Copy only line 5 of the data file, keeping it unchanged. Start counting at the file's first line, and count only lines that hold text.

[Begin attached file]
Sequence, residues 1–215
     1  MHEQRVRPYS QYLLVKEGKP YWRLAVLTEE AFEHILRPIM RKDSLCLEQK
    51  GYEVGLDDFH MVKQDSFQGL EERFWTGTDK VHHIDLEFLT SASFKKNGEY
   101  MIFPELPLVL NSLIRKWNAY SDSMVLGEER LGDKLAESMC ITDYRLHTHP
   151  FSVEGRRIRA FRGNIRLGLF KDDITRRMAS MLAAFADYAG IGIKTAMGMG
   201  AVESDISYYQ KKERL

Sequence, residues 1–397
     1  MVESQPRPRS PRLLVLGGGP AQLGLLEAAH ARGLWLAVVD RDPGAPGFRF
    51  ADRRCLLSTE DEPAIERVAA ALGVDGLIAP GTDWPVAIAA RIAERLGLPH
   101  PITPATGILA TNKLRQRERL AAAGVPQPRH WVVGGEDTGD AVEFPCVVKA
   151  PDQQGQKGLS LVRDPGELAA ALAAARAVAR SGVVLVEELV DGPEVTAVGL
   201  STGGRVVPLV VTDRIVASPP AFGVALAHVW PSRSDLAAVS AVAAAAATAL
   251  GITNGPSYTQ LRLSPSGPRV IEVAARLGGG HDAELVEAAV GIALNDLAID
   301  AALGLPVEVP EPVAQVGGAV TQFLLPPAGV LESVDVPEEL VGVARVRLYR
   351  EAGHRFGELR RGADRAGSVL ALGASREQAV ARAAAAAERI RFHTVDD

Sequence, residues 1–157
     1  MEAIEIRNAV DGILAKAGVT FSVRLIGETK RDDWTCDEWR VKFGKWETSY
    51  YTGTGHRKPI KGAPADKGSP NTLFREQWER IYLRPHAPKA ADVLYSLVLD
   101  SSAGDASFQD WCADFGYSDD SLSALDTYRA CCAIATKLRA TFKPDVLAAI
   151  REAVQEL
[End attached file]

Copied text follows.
   151  FSVEGRRIRA FRGNIRLGLF KDDITRRMAS MLAAFADYAG IGIKTAMGMG